Is the housing market recovering? Should you buy?

After years of declining home prices many "experts" believe the housing market is beginning to stabilize and will recover through 2010 and into 2011. Logic, reason, and economic fundamentals suggest otherwise.

A few important facts to consider about the housing market.

Between 2000-2006 the housing market experienced the largest price bubble in US history (no kidding). US home prices rose a little more than 100%, which has never happened nationwide. This bubble was fueled by low interest rates (thanks Greenspan), fraudulent loans, and the assumption that home prices could never drop. Below is a chart, which shows the mania.

Focus your attention on the inflation-adjusted data because it is more important than simply nominal prices. Between 1970 and 1998 prices remained almost flat. Then we seek the explosion higher. This problem will eventually be corrected two ways: massive inflation or nominal home price declines by 10-20%.

The US government has desperately tried to prevent home prices from falling by handing out tax credits ($8,000) to encourage people to buy homes. Won't this support the housing market and stabilize prices? In the short term it will but eventually the market always finds a way of clearing excesses in the market. The problem with home prices is that they are still overvalued. The chart below shows existing home sales and total months of supply of homes. You will notice that the number of home sales jumped because of the government-induced stimulus. The current credit expires in June 2010. You will also notice that sales have already started to fall beginning in 2010. Why? When you give an artificial incentive to buy a product it drains future demand by pulling the demand to the present. So what we are seeing is that even with the tax credit available, people who want to buy a home have already done so. This will now be a drag on future demand.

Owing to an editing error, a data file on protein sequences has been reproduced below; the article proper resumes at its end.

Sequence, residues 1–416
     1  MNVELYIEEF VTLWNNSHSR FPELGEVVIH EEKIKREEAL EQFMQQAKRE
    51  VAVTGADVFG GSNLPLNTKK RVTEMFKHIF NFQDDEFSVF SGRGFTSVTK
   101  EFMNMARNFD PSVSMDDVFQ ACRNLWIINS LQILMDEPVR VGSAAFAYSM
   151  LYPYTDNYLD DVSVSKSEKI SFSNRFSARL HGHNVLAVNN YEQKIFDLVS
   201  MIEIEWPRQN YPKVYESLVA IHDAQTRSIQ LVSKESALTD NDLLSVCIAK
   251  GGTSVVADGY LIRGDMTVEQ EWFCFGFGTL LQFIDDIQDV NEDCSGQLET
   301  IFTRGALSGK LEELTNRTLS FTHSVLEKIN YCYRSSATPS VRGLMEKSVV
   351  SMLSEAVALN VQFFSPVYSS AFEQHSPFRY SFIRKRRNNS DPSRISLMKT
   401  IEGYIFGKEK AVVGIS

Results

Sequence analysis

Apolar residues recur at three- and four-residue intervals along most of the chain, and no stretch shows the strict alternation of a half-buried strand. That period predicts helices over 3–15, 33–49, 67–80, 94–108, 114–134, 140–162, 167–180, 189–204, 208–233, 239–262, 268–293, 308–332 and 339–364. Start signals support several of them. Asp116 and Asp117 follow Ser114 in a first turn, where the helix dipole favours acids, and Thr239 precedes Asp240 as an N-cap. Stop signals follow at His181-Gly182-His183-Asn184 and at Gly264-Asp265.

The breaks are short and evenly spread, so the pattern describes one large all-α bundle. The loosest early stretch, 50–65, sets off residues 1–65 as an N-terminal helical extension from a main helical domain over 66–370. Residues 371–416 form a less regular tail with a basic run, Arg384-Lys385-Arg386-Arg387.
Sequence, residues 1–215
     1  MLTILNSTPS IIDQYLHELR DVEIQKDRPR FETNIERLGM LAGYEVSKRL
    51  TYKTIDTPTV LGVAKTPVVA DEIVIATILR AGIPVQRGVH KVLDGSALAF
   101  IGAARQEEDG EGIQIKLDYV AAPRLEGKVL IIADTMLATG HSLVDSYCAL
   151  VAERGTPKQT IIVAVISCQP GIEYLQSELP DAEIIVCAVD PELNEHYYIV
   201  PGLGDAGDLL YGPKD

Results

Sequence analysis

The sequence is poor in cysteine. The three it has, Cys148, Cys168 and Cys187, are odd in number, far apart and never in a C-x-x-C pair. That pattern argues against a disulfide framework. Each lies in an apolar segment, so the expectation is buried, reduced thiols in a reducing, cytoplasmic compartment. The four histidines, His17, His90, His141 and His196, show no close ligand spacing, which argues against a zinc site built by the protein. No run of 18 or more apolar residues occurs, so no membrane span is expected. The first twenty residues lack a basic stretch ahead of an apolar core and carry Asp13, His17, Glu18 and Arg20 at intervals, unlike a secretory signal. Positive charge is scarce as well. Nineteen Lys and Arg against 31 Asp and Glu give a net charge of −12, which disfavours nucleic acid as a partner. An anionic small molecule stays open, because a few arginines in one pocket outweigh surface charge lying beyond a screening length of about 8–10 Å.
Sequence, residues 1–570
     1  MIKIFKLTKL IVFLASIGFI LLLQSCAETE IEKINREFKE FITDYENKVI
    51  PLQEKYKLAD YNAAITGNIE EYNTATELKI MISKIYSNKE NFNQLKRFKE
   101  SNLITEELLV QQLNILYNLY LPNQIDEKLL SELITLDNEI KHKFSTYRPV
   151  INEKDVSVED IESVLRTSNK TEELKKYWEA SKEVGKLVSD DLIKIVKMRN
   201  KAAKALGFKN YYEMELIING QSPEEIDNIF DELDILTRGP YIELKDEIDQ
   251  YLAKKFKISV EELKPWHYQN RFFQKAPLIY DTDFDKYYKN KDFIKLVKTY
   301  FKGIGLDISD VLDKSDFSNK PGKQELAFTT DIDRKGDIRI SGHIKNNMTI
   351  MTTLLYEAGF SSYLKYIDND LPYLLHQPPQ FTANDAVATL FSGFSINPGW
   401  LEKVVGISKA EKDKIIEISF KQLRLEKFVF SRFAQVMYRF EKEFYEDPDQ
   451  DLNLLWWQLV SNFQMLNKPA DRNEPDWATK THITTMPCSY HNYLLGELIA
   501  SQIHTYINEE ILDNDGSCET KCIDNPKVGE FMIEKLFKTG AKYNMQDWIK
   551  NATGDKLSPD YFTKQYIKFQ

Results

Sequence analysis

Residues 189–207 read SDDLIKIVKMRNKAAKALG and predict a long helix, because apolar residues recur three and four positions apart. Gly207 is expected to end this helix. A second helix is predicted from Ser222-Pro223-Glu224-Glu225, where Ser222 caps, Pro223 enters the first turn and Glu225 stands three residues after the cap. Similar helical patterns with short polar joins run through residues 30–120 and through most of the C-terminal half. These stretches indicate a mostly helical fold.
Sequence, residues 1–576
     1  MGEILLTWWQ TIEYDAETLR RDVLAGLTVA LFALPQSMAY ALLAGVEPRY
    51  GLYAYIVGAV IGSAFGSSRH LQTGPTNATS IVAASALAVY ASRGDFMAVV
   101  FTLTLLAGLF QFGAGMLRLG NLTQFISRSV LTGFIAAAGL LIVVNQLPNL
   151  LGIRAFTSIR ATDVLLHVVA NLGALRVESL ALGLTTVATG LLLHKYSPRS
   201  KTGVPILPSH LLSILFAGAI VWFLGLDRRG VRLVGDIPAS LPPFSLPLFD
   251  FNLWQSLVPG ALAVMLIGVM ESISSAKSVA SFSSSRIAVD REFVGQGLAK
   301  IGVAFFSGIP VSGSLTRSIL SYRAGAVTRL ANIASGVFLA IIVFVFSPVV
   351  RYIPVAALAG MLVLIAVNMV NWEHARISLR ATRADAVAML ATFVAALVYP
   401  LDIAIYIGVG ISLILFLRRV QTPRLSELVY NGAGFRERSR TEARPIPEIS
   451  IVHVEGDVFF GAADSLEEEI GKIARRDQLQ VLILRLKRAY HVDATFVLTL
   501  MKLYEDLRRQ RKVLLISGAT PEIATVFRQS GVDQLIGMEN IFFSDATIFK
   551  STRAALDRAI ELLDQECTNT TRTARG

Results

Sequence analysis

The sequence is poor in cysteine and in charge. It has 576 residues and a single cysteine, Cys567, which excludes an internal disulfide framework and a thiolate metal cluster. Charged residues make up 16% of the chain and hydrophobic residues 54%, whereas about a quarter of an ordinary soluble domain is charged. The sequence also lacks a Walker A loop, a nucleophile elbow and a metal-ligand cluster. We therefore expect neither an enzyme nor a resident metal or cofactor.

You will also notice that the supply of homes is rapidly rising again after a large drop thanks to government handouts. The supply of homes will need to fall to at least 5 months of supply before you will see any type of stabilization in the housing market.

Along with government incentives the Federal Reserve has reduced interest rates to an all-time low and purchased (with electronically created money) $1.25 trillion in mortgage backed securities to keep down mortgage rates. This program expires at the end of March 2010. If you look at a chart you will see that mortgage rates are also near all-time lows. With mortgage rates this low they have only one way to go.

When rates rise (and they will) to 7-8% this will put extreme stress on the housing market and precipitate declines in home prices. Why? Pretty simple--the higher the interest rate the lower the amount you can afford. You might be thinking that now is the right time because you can lock in low interest rates. There are two schools of thought concerning this.

1. If you intend to live in your home for the next 10-15 years and can easily afford the monthly payments, PMI, property taxes, repairs, and insurance then it might make sense. You will have to be able to withstand the possibility of home prices falling a further 10-20% in value and likely moving sideways for a few years. The best deals will be found in foreclosures or distressed sellers. Under these circumstances it might make sense to purchase a house.

2. If you are the average American who changes homes every 5 years and would be negatively impacted by falling home prices-- wait until prices fall further. Even if it means you will have to pay a higher interest rate. After all you can always refinance in the future. The worst case would be to get suckered into a low rate mortgage and watch home prices fall as interest rates rise. You will be underwater and unable to sell your home (unless you have the money to pay the bank the difference).


A home is not an investment--it is a place to live. Do not expect to make money (in real inflation adjusted terms) with your home. Right now there is no reason to charge ahead and purchase a home thinking that you have to get in now before prices rise. Finally, and I cannot stress this point enough NEVER LISTEN TO THE NATIONAL ASSOCIATION OF REALTORS!! This is one of the more duplicitous, deceitful, and deceptive organizations operating in the US. They lie about everything in a desperate attempt to scare you into buying a home "before it is too late." According to their propaganda the housing market never collapsed but is always on the verge of recovering. Don’t fall for this trick. Know the facts.

Black Swan Insights


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